Retired General Romeo Dallaire’s brutally honest memoir recounting his two decades long battle with PTSD is mercifully slim, just 184 pages. Mercifully because "Waiting For First Light", published by Random House Canada, is a harrowing read.
Gen. Dallaire was the commander-in-chief of the United Nations peacekeeping forces in Rwanda during the 100 day genocide in 1994. 800,000 were slaughtered. Dallaire was under orders to not intervene but he defied the command to protect those seeking safety in the UN compound. He is credited with saving 40,000 lives but for twenty-two years he has lived with the guilt of his and the world’s inactions. Like the mythological Sisyphus, Dallaire is condemned to relive his time in the east African country over and over again. He is reminded constantly of the horrors he witnessed.
He self-medicated his trauma with alcohol; there were several suicide attempts and subsequent therapy sessions. But mostly he dealt with the PTSD by delving deep into his labours, much of it voluntary, from early in the morning until dawn the next day, staving of the nightmares, waiting for first light when he could sleep, perhaps, for a time.
While the purpose of the work was to preoccupy his mind the work itself was purposeful and important. He founded The Roméo Dallaire Child Soldiers Initiative. He wrote two award-winning books “Fight Like Soldiers, Die Like Children” and “Shake Hands with the Devil: The failure of humanity in Rwanda”. He was appointed a senator and he became also an outspoken advocate for soldiers with Post Traumatic Stress Disorder. This book is part of that speaking out.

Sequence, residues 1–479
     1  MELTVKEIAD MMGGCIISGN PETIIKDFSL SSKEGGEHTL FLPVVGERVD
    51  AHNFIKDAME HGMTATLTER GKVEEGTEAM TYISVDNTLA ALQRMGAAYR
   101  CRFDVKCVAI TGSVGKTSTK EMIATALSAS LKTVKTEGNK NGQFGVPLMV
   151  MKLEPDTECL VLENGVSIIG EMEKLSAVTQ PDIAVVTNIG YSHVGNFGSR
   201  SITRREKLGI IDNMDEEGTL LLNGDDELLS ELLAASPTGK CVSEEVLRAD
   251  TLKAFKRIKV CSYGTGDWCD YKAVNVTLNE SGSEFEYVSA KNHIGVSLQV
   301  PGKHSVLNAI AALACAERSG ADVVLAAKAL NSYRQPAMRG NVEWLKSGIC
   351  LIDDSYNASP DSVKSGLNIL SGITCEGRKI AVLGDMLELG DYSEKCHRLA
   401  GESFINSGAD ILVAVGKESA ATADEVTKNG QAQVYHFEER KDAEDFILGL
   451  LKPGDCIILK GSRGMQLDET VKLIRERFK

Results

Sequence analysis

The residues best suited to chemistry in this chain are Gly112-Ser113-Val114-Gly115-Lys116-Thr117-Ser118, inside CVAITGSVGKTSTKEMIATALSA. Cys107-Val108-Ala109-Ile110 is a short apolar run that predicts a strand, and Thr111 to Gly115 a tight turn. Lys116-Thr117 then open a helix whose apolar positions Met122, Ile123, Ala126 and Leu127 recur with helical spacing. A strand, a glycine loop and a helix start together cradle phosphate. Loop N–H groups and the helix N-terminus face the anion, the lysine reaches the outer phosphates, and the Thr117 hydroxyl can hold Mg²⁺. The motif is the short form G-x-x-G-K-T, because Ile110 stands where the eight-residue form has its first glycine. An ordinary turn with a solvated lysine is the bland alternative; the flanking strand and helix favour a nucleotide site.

PTSD is a hidden injury, in a way a wound not even considered an injury but more of a symptom of the soldier’s unfitness for the theatre of war. As war becomes more and more personal it is an injury on the rise.
When Dallaire’s workload lessened he would walk at night through darkened parks and laneways, hoping to be robbed and murdered. Such a death would be deemed more honourable he thought for a career soldier than by his own hand. Although he did attempt suicide Dallaire credits his ineptitude at that task as the main reason he is still alive.
Alive perhaps but not living. By the end of the book we realize all has changed, changed utterly for him. Dallaire lost his own life in the genocide. He went in and he never came back. His wife and his children have lived with the loss, as have his friends and his assistants. His PTSD impacts them all and it is a further tragedy that the genocide continues to maim and claim victims, so many years after.
I suspect Lieutenant-General the Honourable Roméo A. Dallaire, O.C., C.M.M., G.O.Q., M.S.C., C.D., (retired) has managed so far because he is just that, an honourable man. He has fought his own demons, he continues fighting them, because, regardless of what he witnessed, he hasn’t given up on humanity yet. His hope by telling his story perhaps, is that we have given up on him either. And we haven’t.
In “The Wars” Timothy Findley also wrote of war inflicted PTSD. I would suggest it as a companion read to Dallaire’s demanding but rewarding story.